Mother Earth is very important to us, especially with regards to civil constructions there are various important aspects we must be aware of. Humans has always been attached to building things on earth. But did you know that the properties of soil have a major role in all the civil constructions like roads, dams, and other excavation works? This is where geotechnical engineering comes into the play.

In This Article, We Will Try And Understand Different Elements Related To Geotechnical Engineering.

Geotechnical Engineering


Geotechnical Engineering – A Brief Overview 

Geotechnical engineering is a branch of science that deals with the technical aspects of soil or rock. It is critical to evaluate the geomaterial samples before beginning any kind of construction work. The discipline includes mechanics of soil and engineering applications. In the earlier days, people used to follow the hit and trial methods for the same. However, with advanced knowledge and technical know-how, we now know the exact experiments we need to carry out. We now know to take samples and run proper experiments on them. And label the results through the calculative history.

So, yes, a geotechnical engineer does all these tasks and provides the results and conclusions to the civil engineers. They check the strength, Engineering properties, and behavior of the soil. Having understood the fundamental principles of soil and rock, they provide a clear vision to design, evaluate, and analyze the structural strength of major constructions. These constructions consist of dams, retaining walls, underground structures, tunnels, earthworks, sub-strata structures, bridges, and many more.

What Does It Take To Become A Geotechnical Engineer? 

Unlike most of the courses, geotechnical engineering requires a solid foundation with regards to the concepts of civil engineering and specialization in understanding rocks and soil. While there are no direct courses to become a geotechnical engineer, you can still become one.

The basic criterion to become a geotechnical engineer is that you must be holding a bachelor’s degree in civil engineering and a master’s degree in geotechnical and foundation engineering. The concept may be alien to a few, but it surely does yield better results in the career of a civil engineering enthusiast.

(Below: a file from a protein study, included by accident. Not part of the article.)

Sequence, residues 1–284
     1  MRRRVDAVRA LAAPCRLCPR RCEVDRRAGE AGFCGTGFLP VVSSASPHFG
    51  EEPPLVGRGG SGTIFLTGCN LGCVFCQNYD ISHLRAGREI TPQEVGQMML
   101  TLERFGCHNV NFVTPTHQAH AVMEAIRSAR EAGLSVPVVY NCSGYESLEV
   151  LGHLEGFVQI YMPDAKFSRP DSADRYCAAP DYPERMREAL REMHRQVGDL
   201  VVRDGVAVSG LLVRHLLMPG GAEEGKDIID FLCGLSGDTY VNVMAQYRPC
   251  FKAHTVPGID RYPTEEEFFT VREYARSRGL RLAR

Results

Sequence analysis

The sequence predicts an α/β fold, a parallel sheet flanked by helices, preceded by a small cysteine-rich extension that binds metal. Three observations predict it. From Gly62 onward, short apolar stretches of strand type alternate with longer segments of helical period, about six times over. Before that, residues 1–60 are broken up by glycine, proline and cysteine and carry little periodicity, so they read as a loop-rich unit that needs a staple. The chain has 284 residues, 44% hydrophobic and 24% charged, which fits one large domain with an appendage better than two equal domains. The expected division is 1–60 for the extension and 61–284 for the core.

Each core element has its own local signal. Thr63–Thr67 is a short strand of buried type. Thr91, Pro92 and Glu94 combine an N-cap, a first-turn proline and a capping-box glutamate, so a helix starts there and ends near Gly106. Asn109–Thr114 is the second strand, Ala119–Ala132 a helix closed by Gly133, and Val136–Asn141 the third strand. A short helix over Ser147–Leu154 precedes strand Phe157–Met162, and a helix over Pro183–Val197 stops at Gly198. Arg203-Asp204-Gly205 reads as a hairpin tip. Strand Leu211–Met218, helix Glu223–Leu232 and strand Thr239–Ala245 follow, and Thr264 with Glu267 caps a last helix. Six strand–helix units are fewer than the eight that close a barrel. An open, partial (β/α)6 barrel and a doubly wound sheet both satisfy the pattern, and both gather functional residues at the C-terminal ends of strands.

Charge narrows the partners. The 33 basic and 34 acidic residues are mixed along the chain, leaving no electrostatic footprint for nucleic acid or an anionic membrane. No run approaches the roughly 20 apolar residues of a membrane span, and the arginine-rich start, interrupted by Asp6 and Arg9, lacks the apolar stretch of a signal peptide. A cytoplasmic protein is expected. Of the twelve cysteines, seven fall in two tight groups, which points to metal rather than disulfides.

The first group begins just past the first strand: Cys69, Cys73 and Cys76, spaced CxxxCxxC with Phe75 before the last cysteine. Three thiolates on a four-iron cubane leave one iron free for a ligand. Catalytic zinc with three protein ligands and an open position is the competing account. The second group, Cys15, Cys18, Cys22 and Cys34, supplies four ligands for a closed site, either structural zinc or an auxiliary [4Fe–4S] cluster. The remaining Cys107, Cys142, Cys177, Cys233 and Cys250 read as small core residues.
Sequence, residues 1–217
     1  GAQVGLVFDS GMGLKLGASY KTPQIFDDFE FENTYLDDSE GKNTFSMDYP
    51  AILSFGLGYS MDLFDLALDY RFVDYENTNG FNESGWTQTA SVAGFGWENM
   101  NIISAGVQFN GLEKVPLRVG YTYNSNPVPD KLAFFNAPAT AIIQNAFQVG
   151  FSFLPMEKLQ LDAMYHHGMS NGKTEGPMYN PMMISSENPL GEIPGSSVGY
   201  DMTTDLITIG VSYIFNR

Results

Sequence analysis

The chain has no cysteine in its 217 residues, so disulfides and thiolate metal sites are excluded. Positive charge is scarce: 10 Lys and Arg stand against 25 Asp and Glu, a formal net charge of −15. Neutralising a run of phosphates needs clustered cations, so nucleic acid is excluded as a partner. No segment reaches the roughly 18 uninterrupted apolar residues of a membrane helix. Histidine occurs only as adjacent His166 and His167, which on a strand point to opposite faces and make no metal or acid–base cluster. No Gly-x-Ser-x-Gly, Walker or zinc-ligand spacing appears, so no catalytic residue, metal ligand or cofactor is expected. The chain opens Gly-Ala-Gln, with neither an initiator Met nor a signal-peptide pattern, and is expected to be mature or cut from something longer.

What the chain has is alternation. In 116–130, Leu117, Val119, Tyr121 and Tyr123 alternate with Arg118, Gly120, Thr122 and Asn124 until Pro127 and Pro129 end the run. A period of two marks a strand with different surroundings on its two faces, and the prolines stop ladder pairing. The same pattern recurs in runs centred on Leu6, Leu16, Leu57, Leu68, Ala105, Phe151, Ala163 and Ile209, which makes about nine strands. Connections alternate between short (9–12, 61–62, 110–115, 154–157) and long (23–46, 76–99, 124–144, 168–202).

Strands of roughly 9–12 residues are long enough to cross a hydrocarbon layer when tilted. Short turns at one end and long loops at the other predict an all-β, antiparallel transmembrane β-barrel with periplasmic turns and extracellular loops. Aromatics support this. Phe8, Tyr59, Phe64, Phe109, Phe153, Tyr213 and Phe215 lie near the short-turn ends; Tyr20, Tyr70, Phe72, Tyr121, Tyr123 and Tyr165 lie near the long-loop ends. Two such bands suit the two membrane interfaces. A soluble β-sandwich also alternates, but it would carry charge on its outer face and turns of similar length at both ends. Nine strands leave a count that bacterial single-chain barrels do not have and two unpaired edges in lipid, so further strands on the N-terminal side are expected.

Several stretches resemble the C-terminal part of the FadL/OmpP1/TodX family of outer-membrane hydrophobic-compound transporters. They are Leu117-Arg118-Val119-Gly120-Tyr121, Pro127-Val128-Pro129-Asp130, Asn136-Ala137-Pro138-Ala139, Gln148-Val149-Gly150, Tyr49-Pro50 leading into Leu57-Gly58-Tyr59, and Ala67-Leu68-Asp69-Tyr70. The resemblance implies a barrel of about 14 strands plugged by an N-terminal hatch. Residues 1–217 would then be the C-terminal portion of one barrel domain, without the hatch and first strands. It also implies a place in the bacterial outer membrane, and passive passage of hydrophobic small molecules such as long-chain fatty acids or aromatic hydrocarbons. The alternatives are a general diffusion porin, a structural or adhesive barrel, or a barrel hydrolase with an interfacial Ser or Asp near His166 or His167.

Geotechnical Engineering As A Career Option And Opportunities 

Being a relatively unconventional subject, geotechnical engineering holds ample opportunities for the right minds. The course is taught in a few colleges. And there is a constant requirement for geotechnical engineers across the public and private sectors. To be more precise, there is substantial job opportunities in roadways construction and infrastructure development.

One can also freelance after having subsequent experience in the field. You can begin a consultancy firm offering solutions to the builders, contractors, government, and private infrastructure developers about the terrain and soil strength to hold the structure. Also, you can earn handsomely with major development projects. Furthermore, if you want to be a professor, you can apply for jobs in universities to teach civil engineering students about the concept of geotechnical engineering.

Where Else You Can Apply Your Geotechnical Knowledge? 

Geotechnical Engineering

There are several aspects where you can apply your geotechnical engineering knowledge and help other disciplines. You can partner with mechanical engineers to guide them about the soil and rock mechanics so that they have proper idea of the force or torque required for breaking down the boulders. You can apply the knowledge to create road tunnels and bridges and so on.

Another fascinating amalgamation of disciplines is Hydraulic engineering. The combination of both yields a proper understanding of the dam-construction, underground drainage system, water flow, and marine geotechnics. In addition to that, you can also apply your knowledge with geologists to identify the geohazards of a location or the age of the soil. You can also provide solutions to major environmental problems like soil pollution, unproductive farming, crop cycle manifestation, and soil improvement.

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